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"Bembeya" from Bembeya
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Bembeya Jazz, Bembeya (World Village) Afropop Pioneers Return

Bembeya Jazz: Guinea's Four Decade-Old Band

Colonialism, independence, diaspora, and economics. These ingredients have been brewing with tradition for decades in West African music. Just as a good stew tastes even better the next day, the best pioneering bands of Afropop have returned sounding tastier than ever.  

Senegal’s Orchestra Baobab, founded in 1970, and Mali’s Super Rail Band, founded in 1971, each reemerged with both new material and historic recordings in the past couple of years, and both toured North America. Now comes Guinea’s even older band, Bembeya Jazz, formed in 1961, with a new CD and an unprecedented month-long summer tour of North America.  Bembeya—set for a June 10, 2003 release on World Village—is their first recording in fourteen years.  

All three bands provide musical snapshots of the sunrise of independent African nations, simultaneously preserving tradition and creating a modern sound. In the case of Baobab, the band was formed to entertain the newly empowered politicians and intelligentsia. New governments funded Super Rail and Bembeya to propagate a newfound post-colonial African identity, asserting time-honored values to suit the fresh mood of independence. All three formed at a time and place when Afro-Cuban music resonated and possibly became the bridge between traditional music and modern instrumentation.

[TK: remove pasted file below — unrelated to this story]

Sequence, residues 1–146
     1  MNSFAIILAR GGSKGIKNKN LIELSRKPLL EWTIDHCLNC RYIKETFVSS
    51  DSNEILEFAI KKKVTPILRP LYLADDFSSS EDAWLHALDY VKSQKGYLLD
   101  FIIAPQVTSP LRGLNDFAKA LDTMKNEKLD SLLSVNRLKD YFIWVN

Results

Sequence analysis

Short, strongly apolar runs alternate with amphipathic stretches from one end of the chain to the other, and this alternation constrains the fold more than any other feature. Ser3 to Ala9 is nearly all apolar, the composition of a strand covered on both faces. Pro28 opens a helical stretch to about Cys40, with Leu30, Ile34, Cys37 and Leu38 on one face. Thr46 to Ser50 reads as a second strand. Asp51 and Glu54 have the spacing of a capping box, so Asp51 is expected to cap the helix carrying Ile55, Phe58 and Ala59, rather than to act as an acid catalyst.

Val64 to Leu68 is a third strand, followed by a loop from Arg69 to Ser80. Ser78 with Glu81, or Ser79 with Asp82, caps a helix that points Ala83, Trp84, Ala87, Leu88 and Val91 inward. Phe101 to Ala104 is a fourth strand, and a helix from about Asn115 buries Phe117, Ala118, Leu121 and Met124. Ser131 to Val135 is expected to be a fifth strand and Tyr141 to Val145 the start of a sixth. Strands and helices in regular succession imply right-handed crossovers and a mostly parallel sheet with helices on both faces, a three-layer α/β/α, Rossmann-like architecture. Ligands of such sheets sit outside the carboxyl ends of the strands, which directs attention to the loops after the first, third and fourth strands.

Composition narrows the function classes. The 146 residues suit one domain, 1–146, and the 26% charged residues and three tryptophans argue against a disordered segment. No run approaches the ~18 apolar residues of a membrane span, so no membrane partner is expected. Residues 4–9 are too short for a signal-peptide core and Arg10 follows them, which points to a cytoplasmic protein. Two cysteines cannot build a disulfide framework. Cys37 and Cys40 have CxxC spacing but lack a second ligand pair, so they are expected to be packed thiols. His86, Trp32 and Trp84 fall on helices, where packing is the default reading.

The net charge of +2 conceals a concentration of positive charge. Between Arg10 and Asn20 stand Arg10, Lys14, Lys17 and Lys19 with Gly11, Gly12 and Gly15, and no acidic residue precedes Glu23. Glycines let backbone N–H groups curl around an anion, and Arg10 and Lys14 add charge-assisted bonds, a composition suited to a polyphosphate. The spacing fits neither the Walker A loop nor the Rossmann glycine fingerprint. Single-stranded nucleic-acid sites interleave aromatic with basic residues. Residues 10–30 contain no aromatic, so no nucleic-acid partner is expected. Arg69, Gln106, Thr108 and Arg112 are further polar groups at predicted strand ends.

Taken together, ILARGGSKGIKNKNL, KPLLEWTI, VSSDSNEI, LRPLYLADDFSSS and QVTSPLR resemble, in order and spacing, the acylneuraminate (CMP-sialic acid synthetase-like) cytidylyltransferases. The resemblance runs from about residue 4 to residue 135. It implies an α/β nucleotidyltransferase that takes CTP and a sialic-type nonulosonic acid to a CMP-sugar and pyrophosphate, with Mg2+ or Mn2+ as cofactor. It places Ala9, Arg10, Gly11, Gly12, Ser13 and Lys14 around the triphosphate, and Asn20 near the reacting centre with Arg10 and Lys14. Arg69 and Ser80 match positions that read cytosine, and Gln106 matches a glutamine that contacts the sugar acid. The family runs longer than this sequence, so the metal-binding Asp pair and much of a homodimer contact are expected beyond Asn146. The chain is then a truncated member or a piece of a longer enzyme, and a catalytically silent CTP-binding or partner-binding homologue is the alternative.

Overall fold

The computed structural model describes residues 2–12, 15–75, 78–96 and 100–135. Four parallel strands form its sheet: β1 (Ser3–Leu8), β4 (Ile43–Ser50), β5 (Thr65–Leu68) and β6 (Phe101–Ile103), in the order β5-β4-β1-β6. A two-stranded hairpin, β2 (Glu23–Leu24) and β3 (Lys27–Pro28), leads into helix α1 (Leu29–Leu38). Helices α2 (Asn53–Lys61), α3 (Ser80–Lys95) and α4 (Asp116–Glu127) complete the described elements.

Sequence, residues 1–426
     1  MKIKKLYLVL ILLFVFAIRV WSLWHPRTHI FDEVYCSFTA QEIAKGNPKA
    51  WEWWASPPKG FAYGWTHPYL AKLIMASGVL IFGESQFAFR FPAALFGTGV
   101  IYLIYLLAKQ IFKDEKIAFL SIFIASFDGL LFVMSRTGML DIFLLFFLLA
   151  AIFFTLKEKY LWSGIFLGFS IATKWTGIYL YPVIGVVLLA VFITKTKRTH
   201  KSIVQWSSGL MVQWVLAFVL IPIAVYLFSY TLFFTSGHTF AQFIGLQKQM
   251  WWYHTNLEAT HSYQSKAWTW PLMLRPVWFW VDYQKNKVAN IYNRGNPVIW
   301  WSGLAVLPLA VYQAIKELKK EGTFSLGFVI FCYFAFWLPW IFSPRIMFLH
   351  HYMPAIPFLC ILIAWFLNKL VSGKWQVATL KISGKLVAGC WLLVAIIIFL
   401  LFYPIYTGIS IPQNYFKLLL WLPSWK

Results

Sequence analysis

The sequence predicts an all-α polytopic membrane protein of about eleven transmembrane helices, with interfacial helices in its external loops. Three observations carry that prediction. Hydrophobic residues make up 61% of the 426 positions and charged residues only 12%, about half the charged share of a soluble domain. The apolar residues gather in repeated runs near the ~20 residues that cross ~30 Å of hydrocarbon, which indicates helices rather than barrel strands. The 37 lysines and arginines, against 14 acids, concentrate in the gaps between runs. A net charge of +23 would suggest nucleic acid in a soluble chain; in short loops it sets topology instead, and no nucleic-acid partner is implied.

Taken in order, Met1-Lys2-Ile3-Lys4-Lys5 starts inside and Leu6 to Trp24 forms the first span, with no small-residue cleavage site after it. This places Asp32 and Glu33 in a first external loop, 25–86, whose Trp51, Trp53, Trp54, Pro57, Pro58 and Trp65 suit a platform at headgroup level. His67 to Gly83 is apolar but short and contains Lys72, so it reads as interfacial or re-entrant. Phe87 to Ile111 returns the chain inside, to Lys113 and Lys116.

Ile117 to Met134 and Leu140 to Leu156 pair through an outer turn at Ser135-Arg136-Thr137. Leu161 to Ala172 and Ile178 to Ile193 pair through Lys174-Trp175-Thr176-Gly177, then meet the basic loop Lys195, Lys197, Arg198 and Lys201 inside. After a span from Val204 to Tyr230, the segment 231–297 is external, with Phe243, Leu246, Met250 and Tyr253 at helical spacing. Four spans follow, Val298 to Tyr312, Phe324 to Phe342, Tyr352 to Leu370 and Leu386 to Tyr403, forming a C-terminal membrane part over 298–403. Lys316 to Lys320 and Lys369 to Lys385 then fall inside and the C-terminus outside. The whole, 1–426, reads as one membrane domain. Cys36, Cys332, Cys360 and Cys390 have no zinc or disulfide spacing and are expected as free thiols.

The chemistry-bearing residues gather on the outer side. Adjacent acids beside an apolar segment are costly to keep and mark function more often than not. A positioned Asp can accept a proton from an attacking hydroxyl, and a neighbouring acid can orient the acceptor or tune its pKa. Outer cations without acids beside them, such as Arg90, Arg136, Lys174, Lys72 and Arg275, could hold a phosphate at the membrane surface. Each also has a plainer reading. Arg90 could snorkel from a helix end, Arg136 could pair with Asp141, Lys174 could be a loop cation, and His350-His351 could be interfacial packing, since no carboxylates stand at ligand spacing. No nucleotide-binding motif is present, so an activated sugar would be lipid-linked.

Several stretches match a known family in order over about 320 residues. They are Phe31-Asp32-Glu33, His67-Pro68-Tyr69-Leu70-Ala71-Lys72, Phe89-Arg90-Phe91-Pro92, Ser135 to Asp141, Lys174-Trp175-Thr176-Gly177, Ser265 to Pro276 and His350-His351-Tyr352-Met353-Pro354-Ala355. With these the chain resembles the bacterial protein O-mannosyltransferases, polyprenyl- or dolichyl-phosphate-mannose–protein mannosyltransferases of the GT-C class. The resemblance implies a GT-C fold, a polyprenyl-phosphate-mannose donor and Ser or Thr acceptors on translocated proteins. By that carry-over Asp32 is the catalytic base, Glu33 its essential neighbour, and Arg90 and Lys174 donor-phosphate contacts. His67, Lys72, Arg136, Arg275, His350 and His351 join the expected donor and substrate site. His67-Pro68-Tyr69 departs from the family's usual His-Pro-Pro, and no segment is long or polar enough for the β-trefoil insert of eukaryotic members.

In the mid-’60s, Bembeya Jazz, which takes its name from the river that runs through their remote hometown of Beyla, was certified as a national band by Guinea’s first president Sekou Touré. The band moved to the capital, Conakry, where they performed as many as six nights each week and felt pressure to develop the hottest spine-tingling sounds. From this era emerged their signature four-guitar section, the introduction of Hawaiian slide guitar, and stunning stage performances.  

Bembeya’s creative director Aboubacar Demba Camara was killed in a tragic car crash in 1973. The band was eventually able to re-group and right before the 1984 death of President Sekou Touré, he denationalized Bembeya (their first opportunity to operate internationally) and gave them their own nightclub. But the ’80s saw a significant economic decline in Guinea and most of the band members had to look outside of the Guinean music scene for their primary livelihood. “The band was not broken up,” says lead guitarist Sekou “Diamond Fingers” Diabaté. “But in life, there are ups and downs, good moments and bad moments. So you wait. We were waiting.”  

The band’s latest fierce line-up includes four members that hail from the group’s formative years, decades ago. Sekou “Diamond Fingers” Diabaté has not let up with his fiery guitar embellishments and entertaining stage antics. The dulcet, high tenor voice of Salifou Kaba joins Doré Clement on tenor sax, Mohamed Kaba on trumpet, and Condé Mory Mangala on drums; all veterans of the dozen-member outfit.  

Just as Bembeya sought number one status in 1960s Guinea, they are sure to give Baobab and Super Rail a friendly run for their money on the international stage.